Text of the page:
How and when will enterprise apps be made Windows 8-ready?

Line-of-business application developers -- including those working at Microsoft -- have two possible paths to follow to make their Metro-style apps Windows 8 compatible.
Written by Mary Jo Foley, Senior Contributing Editor

While there are plenty of folks who are waiting with bated breath for  Angry Birds, Cut the Rope and Disney digital books for Windows 8, many I know are far more interested in how and when enterprise apps are going to show up for the next Windows release.

For developers interested in making sure their enterprise apps run on x86/x64 Windows 8 tablets and PCs, they can either build Metro-style/WinRT versions of their apps or they can expect users to run those apps via the Windows 8 Desktop. If they also want them to run on Windows 8 on ARM tablets and PCs, however, they can't go the Desktop route, since Microsoft has decided to limit the Desktop on WOA to hosting only Office 15, Internet Explorer 10 (without plug-in support), File Explorer and some other Windows components, officials disclosed last week.

For developers going the Metro-style route, there are two possible paths are mentioned in last week's Windows on ARM (WOA) blog post from Windows chief Steven Sinofsky. Devs can either build a Metro-style/WinRT-based for their app that will connect to back-end servers via a Web services application programming interface (API), or they can reuse chunks of their existing code wrapped in a "Metro-style experience."

From Sinofsky's February 13 post on the Building Windows 8 blog:

"Many apps will be best served by building new Metro style front ends for existing data sources or applications, and communicating through a web services API. This approach will be quite common for line-of-business applications and many consumer web properties, and represents the best way to tap into the power of a rich user interaction model where you can also interact across and share information with other new apps. Of course, these do not need to be just front-ends, but could operate on local data too, since WOA provides full access to files and peripherals. Other existing applications will be well served by reusing large amounts of engine or runtime code, and surrounding that with a Metro style experience. This will take some time, and represents a way for applications that are composed of significant intellectual property to move to WOA and WinRT."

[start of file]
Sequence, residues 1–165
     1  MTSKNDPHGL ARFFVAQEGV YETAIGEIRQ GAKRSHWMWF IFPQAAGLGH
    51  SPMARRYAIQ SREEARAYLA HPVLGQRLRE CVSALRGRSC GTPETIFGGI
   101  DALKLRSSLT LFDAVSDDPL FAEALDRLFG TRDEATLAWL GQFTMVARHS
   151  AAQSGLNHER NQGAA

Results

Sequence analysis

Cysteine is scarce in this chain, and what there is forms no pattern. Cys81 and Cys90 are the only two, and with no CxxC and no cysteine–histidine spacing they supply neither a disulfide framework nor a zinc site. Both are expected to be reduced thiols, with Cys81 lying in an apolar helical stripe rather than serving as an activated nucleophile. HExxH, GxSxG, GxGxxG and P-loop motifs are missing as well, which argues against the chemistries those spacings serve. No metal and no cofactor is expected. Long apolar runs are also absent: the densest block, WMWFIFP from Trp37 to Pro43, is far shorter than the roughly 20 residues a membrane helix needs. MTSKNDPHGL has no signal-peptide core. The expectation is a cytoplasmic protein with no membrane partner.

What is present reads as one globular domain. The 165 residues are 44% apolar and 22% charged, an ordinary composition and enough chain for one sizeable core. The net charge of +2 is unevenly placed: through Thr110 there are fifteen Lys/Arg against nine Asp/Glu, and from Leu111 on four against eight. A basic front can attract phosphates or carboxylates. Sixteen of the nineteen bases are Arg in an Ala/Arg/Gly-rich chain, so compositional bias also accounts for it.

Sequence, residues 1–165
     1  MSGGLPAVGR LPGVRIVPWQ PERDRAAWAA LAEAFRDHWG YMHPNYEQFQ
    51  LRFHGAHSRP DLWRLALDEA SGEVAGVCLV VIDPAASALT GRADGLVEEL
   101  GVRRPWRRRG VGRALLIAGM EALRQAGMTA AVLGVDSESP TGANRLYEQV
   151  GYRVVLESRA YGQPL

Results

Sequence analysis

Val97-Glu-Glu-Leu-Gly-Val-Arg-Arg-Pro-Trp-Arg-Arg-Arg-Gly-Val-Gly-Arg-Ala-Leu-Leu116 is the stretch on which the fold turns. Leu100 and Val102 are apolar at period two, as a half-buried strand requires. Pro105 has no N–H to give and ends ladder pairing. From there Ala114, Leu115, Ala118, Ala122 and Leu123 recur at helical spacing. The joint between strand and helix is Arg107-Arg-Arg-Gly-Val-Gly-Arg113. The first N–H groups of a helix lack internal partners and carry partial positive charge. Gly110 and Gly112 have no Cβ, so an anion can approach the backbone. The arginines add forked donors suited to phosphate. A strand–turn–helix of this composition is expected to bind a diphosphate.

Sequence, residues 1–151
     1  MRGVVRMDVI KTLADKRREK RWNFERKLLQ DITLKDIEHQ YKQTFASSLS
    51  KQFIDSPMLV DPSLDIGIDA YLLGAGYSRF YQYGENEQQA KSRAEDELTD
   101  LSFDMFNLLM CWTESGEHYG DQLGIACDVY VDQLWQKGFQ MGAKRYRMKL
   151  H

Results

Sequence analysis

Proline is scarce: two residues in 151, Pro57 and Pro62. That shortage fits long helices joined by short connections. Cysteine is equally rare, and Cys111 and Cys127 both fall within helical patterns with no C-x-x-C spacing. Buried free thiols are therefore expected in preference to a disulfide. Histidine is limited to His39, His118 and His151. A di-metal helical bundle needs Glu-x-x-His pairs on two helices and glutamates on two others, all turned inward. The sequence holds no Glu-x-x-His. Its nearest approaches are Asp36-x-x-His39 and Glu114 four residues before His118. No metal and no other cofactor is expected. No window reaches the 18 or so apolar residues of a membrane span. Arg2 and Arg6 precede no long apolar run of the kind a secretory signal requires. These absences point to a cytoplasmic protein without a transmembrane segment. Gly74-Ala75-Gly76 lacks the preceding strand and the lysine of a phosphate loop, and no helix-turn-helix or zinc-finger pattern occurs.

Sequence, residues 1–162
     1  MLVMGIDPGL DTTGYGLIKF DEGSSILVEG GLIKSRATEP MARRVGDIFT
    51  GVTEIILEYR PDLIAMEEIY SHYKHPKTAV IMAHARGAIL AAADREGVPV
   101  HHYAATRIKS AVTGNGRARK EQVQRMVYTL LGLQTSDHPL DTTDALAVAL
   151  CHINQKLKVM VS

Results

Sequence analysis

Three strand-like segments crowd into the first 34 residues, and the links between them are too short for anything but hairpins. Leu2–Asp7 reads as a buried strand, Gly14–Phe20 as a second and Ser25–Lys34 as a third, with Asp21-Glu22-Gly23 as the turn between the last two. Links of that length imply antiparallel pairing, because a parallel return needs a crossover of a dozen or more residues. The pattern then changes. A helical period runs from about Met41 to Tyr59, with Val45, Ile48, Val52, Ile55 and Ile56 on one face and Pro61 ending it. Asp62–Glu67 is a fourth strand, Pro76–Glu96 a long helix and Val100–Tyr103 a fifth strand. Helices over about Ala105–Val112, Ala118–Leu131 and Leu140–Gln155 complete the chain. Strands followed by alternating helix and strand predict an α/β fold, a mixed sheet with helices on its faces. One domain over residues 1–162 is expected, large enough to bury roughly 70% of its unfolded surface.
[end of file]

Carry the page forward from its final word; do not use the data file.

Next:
It seems at least one group in Microsoft is taking the Metro-style front-end approach. Dynamics AX evangelist and blogger Brandon George recently discovered that Microsoft is planning to deliver a Windows 8 version of its Dyanmics AX 7 client in 2013/2014. (He found this inside Microsoft's own "statement of direction" documentation, from which the Windows 8 Dynamics AX image embedded in this post comes.)

How will they do this? The team is building a Windows 8 HTML5 front end client that will connect to a Dynamics AX service, George noted. If it sticks to those dates, this new Windows 8 Dynamics AX client would be rolled out ahead of the next major release of Dyanmics AX, which should be in 2014/2015 if Microsoft sticks to its current cadence, he said.

I am betting the Dynamics AX unit isn't the only Microsoft team taking this approach. It'll be interesting to see which third-party line-of-business developers opt for the HTML5 client option when thinking about how to add Windows 8 support to their apps.

Update: Simon Bisson at ZDNet UK has a related post on WOA and the enterprise where he says he expects the new plug-in-less IE Desktop in Windows 8 could serve as a launch pad for remote Win 8 apps (running using Terminal Services). So that might be a way developers can get around not being able to run legacy code on Win 8 (though performance obviously could be an issue).

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